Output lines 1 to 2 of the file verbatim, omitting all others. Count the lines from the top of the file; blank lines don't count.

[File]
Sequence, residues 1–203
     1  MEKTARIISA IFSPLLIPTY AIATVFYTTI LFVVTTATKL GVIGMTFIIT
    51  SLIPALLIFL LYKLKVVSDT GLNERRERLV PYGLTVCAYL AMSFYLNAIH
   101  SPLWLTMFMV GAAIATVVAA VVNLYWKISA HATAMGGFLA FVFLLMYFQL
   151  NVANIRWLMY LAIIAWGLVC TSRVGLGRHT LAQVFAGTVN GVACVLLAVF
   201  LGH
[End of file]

Sequence, residues 1–203
     1  MEKTARIISA IFSPLLIPTY AIATVFYTTI LFVVTTATKL GVIGMTFIIT